The preparation of slides and stains was carried out by the histology department of the Cochin Institute (HistIM; INSERM U1016, CNRS UMR 8104, University of Paris). Briefly, the organs were fixed 48–72 h in 4% buffered formaldehyde, transferred to 70% ethanol, and embedded in paraffin. Sections were then cut into 4μm slices for hematoxylin-eosin-safran (HES) (liver) and periodic acid-Schiff (PAS) (kidney) staining. Slides were scanned and examined on CaseViewer software by two blind investigators. Kidney Tubular injury score (tubular dilation, tubular cast formation, and tubular necrosis) [17] as quantified in the external medulla. Liver injury score (congestion, vacuolization, and necrosis of hepatocytes) [18] was quantified on 30 randomly selected fields. Lung injury score included leukocytes in the interstitial or alveolar space, proteinaceous debris filling the airspaces, and alveolar septal thickening [19] and was quantified on total section scanning. For kidney injury molecule-1 (KIM-1), sections were labeled with goat anti-rat KIM-1 antibody at 1-μg/mL concentration (R&D). Goat anti-rat IgG (R&D) was used as a negative control. The immunoreactivity was visualized using the tissue staining kits reagent (Dako). Slides were scanned and 5 randomly selected fields of the kidney external medulla were analysis with Fiji software. For each kidney sample, 5 fields were digitized on the negative control slides and transferred to the KIM-1 slides. A fixed threshold was applied to all images to estimate the percentage of positive DAB labeling. The difference between this positive DAB labeling (KIM-1 slides minus controlled Ig) represents the KIM-1 labeling of the renal tubules expressed as a percentage of area.

Cytometry analysis

For phenotype characterization of white blood cells, a multi-parameter analysis was carried out by flow cytometry (Navios, Beckman Coulter®). Whole blood was collected in tube field with cellular antigen stabilization solution (Transfix, Cliniscience) and kept at 4 °C up to 14 days. Red blood cells were lysed with Macs lysing solution. To minimize non-specific antibody binding, after centrifugation, cells were incubated in a buffer containing PBS, 2% human albumin (LFB), and 2 μg/mL polyvalent human immunoglobulin (R&D Systems) before staining. Cells were then incubated with fluorescent monoclonal antibodies: CD8a (OX8, eBioscience), CD4 (OX35, eBioscience), CD3 (1F4, BioRad), CD80 (3H5, BioRad), CD279 or PD-1 (KLH, Bioss), CD274 or PD-L1 (KLH, Bioss), CD11b/c (REA, Miltenyi), CD28 (REA, Miltenyi), CD45 (REA, Miltenyi), CD86 (REA, Miltenyi), and MHC2 (REA, Miltenyi), at a saturating concentration for 20 min at + 4 °C. Isotype antibodies, non-stain cells, and fluorescence minus one were used as controls. The FlowJo software was used to set up gating and analyze positivity frequencies of the makers of interest.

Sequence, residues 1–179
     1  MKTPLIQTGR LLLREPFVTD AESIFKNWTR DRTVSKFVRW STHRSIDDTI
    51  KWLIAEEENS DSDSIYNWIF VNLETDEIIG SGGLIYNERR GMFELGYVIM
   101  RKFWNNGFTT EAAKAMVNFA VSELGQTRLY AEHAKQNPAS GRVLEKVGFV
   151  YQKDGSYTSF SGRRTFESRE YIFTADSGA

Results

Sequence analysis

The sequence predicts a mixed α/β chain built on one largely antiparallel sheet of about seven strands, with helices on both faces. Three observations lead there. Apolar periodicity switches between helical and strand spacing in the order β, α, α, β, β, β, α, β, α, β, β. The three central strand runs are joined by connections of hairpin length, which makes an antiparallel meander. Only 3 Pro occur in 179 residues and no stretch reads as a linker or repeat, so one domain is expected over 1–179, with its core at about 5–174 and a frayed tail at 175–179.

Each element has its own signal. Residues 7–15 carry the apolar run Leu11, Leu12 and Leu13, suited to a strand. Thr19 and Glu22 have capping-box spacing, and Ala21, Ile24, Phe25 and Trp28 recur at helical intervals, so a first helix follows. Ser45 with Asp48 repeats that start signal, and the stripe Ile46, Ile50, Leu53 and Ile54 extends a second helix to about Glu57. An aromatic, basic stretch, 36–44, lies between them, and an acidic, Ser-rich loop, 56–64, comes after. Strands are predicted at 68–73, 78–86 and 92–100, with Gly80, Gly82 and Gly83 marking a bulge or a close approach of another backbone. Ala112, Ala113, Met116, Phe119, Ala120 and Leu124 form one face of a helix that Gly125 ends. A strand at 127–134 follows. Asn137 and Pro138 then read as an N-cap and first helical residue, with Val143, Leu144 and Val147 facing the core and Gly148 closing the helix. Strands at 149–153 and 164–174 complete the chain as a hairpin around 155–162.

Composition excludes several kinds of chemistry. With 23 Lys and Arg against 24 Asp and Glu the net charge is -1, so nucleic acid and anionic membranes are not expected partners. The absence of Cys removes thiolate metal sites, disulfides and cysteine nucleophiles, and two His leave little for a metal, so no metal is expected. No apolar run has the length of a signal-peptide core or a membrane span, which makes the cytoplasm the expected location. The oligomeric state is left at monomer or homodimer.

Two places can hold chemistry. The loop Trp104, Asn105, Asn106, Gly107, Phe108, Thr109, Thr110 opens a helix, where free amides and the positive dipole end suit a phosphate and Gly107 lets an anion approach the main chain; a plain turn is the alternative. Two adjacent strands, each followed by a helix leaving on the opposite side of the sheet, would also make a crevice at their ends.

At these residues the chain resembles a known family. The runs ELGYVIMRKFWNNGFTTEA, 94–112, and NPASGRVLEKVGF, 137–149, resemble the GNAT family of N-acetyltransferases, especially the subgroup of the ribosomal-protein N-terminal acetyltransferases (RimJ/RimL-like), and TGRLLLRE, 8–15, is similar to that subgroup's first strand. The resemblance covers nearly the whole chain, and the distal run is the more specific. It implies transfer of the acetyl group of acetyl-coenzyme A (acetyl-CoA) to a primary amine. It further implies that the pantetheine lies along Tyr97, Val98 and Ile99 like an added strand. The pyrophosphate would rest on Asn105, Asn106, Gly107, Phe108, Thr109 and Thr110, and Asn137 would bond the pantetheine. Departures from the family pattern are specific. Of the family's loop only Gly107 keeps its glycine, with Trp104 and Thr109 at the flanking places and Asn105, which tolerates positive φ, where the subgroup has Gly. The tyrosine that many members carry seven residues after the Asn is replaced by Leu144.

Statistical analyses

Mean arterial pressures are represented as mean ± SD. During the three phases (hemorrhage, fluid resuscitation, and re-transfusion), the changes in mean arterial pressure between groups over time were analyzed by non-parametric ANOVA for longitudinal data (F1-LD-F1, in R software, R 3.3.2, followed by a pair comparison test. Survival analysis represented in a Kaplan-Meier survival curve was analyzed with a Log-rank test (Mantel-Cox) using R software. All other data are presented as median ± interquartile range and statistical analyses were performed on the Prism 8 Graphpad software. Mann-Whitney statistical analysis was used to test the effect of our hemorrhaging model versus sham. Kruskal-Wallis statistical analysis with Dunn’s correction (adjust for multiplicity) was used to test the effect of our treatments (MSCn and MSCp) to the HS group. The significance level was defined as a p value < 0.05. In the immunomodulatory assay, all MSC coculture conditions were analyzed versus THP-1+LPS with Kruskal-Wallis statistical analysis with the adjustment of Dunn’s (Prism 8 Graphpad software).


Characteristics of the animal model

Prior to the hemorrhagic shock phase, MAP, blood gas, glycemia, and lactatemia analysis were not statistically different between experimental groups (data not shown). As shown in Fig. 1B, the evolution of MAP over time during the three phases (hemorrhagic shock, fluid resuscitation, and re-transfusion) was similar across hemorrhagic groups. During the hemorrhagic shock phase, the median of the 3 hemorrhagic groups MAP were significantly reduced compared to the sham group and decreased from 101 [IQR 14] to 36 [IQR 4] mmHg (Fig. 1B, p < 0.0001). The blood volumes collected to achieve this MAP target were 39 [IQR 4] mL/kg, 42 [IQR 5] mL/kg, and 41 [IQR 6] mL/kg in the HS, MSCn and MSCp groups respectively and were not significantly different between the hemorrhagic groups (treated or not). With fluid resuscitation, MAP tended to increase but remained significantly lower than in the sham group. After blood re-transfusion in the third phase, the MAP of the hemorrhagic groups were restored and were no longer significantly different from that of the sham group.